“…In Montreal, they would use honey in the water… In New York, they use barley syrup… but it just seemed easier and a natural thing to do in Philly to use beer.”
The Origin of Philly Style Bagels
Shapiro and Zilber met when they were working as stock boys at the Foodery, a Philadelphia beer bottle shop. After realizing their mutual love for noodles and thrift stores, they continued their culinary journey at Shot Tower, a popular coffee shop in Philadelphia’s Queen Village neighborhood.
As 20-somethings often do, the duo explored various projects before committing to reinventing the bagel. They brewed beer for fun and started a club for home brewers.
When they got bored with home brewing, they dabbled in charcuterie projects from duck prosciutto to cured salmon. When they needed something to go with the salmon, they started experimenting with bagels.
“We [finished] the salmon… and we were like ‘What [could] we eat it with?’ We looked up a recipe online and made a batch of bagels from start to finish in two hours and they were amazing. For being the worst bagels we ever made, they were pretty amazing.”
Making bagels at home soon led to an opportunity to make bagels for the Hidden Philly Festival, a stint that involved making five dozen bagels on pizza stones for six nights. Since these bagels had to be kosher for the Little Shul festival site, Shapiro and Zilber made these bagels at Morris Levin’s kosher home kitchen. (Levin is a neighbor and friend whom they met at Shot Tower.)
Although they didn’t make any money from these all-nighters, they ended up with enough baking supplies and potential customers to start a pop-up bagel shop. This experience also enabled Shapiro and Zilber to refine their bagel-making process.
Everything Comes Together for the Bagel Wizards
Opening a pop-up bagel shop is hard work with long hours with low-profit margins. But Shapiro and Zilber put all the pieces together and made it work.
The bagel wizards found their pop-up location while serving macchiatos to, and developing a relationship with, Joe Beddia. Beddia allowed Shapiro and Zilber to use his pizza shop while it was closed on Sunday mornings. “Having this opportunity was so lucky. If we didn’t have the [use of the Beddia Space], I don’t know if it ever would have happened,” Zilber said.
They serve Counter Culture coffee, a roaster they know well from Shot Tower. One Sunday at a time, they’ve developed a loyal customer base of locals, friends and strangers, all bonded together by their love of quality food.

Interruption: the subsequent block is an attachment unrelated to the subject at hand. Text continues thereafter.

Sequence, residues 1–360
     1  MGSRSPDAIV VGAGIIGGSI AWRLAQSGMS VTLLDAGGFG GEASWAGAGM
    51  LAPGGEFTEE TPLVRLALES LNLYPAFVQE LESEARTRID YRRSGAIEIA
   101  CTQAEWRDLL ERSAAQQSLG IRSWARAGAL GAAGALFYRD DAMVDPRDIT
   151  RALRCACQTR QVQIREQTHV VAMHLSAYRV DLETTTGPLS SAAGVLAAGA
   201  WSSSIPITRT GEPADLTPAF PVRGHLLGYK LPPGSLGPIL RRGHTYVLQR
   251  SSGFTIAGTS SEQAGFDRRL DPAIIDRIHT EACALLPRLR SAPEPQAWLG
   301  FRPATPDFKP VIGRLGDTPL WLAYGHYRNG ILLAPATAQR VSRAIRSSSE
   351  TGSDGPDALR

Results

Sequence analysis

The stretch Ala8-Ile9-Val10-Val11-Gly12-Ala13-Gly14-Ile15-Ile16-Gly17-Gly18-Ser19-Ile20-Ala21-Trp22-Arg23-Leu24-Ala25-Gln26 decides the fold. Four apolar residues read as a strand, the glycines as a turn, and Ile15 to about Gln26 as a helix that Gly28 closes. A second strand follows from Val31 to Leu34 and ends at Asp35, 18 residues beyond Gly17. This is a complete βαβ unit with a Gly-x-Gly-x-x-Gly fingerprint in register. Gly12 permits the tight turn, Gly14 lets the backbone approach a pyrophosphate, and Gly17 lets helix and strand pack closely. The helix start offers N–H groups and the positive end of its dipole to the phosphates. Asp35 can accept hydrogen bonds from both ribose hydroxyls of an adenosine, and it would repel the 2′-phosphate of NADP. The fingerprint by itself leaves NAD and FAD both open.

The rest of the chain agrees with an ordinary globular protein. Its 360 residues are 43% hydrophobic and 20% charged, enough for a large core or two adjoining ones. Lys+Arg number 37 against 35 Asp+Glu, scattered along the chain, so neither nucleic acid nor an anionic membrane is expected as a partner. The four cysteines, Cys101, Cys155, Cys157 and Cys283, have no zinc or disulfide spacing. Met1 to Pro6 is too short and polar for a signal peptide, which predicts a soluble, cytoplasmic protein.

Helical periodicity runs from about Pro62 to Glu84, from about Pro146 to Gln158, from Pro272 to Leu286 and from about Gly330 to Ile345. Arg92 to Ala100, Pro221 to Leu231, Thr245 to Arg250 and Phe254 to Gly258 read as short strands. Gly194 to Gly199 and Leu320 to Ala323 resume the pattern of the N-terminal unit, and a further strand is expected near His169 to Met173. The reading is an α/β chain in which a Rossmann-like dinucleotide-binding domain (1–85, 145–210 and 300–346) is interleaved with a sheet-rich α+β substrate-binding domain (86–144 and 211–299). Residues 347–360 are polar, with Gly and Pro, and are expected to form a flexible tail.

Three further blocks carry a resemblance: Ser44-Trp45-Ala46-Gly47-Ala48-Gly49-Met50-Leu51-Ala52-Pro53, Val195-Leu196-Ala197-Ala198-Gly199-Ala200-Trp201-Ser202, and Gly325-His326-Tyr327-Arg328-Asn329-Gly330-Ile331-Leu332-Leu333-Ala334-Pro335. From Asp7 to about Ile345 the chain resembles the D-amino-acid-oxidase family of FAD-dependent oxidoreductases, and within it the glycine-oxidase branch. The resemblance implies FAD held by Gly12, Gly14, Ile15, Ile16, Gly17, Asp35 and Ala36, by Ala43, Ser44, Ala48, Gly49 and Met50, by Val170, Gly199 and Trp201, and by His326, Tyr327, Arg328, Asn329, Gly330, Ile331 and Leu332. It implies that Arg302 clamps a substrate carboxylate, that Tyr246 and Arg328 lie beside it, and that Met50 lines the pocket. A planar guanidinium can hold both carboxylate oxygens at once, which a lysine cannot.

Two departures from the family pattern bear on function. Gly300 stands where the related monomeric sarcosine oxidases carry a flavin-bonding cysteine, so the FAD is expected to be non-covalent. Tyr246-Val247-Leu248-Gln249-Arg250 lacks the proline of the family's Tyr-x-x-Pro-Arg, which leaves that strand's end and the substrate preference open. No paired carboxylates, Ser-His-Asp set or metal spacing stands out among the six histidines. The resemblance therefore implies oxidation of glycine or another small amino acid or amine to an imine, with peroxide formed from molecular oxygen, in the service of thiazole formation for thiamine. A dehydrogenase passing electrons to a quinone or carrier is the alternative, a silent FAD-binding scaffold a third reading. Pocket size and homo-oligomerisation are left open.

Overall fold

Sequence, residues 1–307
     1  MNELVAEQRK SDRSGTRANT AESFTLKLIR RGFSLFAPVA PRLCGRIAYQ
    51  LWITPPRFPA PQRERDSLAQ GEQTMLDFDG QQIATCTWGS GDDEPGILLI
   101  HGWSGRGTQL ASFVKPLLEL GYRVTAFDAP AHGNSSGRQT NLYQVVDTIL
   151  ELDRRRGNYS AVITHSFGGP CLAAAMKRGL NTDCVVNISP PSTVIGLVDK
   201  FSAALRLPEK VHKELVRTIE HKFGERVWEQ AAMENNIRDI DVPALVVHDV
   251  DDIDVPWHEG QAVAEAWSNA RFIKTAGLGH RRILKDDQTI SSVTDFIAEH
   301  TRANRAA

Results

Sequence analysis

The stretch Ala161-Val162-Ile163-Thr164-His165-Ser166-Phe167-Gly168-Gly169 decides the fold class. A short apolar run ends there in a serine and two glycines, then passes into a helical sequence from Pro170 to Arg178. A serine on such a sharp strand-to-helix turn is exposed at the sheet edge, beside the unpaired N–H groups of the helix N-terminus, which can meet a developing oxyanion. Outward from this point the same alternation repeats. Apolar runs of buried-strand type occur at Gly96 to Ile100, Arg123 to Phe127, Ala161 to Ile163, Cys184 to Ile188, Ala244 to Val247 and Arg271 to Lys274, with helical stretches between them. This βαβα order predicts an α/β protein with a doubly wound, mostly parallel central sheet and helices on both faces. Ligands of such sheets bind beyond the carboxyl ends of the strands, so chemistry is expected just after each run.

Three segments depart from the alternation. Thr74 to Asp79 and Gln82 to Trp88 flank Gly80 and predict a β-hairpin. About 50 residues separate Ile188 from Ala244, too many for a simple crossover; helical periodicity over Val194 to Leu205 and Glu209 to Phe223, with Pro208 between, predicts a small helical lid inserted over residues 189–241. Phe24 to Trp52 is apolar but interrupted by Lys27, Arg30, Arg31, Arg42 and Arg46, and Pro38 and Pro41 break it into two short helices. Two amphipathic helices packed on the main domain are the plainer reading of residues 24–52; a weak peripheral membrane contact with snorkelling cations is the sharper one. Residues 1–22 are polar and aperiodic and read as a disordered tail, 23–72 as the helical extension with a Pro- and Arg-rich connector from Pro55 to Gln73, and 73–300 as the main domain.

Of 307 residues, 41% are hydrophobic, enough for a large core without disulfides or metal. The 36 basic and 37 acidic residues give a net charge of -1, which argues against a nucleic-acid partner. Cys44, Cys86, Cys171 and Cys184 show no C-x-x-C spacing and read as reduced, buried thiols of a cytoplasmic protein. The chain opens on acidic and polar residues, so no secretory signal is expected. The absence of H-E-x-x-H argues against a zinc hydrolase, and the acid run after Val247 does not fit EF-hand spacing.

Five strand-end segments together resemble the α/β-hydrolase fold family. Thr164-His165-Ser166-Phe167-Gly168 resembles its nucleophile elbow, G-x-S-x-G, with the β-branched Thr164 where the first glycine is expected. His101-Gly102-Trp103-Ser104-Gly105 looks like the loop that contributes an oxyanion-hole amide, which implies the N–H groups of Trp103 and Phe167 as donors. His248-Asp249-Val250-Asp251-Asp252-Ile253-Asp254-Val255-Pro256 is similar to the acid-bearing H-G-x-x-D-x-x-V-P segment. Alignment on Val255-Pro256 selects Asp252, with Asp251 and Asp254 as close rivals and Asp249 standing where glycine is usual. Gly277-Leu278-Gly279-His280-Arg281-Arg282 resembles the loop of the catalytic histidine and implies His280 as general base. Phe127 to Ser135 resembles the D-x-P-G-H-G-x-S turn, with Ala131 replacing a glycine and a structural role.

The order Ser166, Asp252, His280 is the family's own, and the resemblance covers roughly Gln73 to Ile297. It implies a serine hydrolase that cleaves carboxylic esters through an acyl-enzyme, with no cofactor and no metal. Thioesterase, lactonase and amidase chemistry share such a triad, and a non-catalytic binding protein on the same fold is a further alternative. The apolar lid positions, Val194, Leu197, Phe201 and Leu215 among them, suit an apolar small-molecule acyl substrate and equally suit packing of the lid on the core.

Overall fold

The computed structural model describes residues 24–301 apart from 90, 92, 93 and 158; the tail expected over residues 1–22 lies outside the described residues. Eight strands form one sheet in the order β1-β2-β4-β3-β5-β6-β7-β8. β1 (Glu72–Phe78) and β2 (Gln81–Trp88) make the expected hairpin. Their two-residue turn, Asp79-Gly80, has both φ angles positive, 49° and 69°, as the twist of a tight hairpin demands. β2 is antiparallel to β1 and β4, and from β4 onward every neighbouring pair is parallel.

Before long, friends became customers and customers became friends. Word spread thanks to Instagram and plugs from the likes of Beer Scene Magazine and Philadelphia Inquirer food critic Craig LaBan. With girlfriends Desiree Casimiro and Ashley Horowitz on board, Shapiro and Zilber soon became part of the Philly food scene.
What’s Next for Philly Style Bagels?
Running a weekly pop-up isn’t viable for the long-term. Supply can’t meet demand, and $2 for a bagel is pricey, even for a hand-crafted bagel boiled in beer.
Lucky for them and us, Philly Style Bagels is moving to a permanent home at Palmer Park in Fishtown. To facilitate the move, they’re running a campaign on Indiegogo to fund the purchase of a hearth oven. After the move, the plan is to scale down the bagel price and expand the sandwich menu.
Money is not the main motivator. Shapiro and Zilber love making bagels for people who love eating bagels. In fact, it’s what they would do if they won the lottery.
Zilber summed it up by explaining that they would “rather make a great product and be part of the community than make a million dollars… I think that the only reason why we’ve been able to get as far as we have is that the people have said that they want us here.”
About the Authors
Saveur Magazine’s BEST TRAVEL BLOG award winners Daryl and Mindi Hirsch share their culinary travel experiences and recipes on the 2foodtrippers website and YouTube. The married Food and Travel content creators live in Lisbon, Portugal.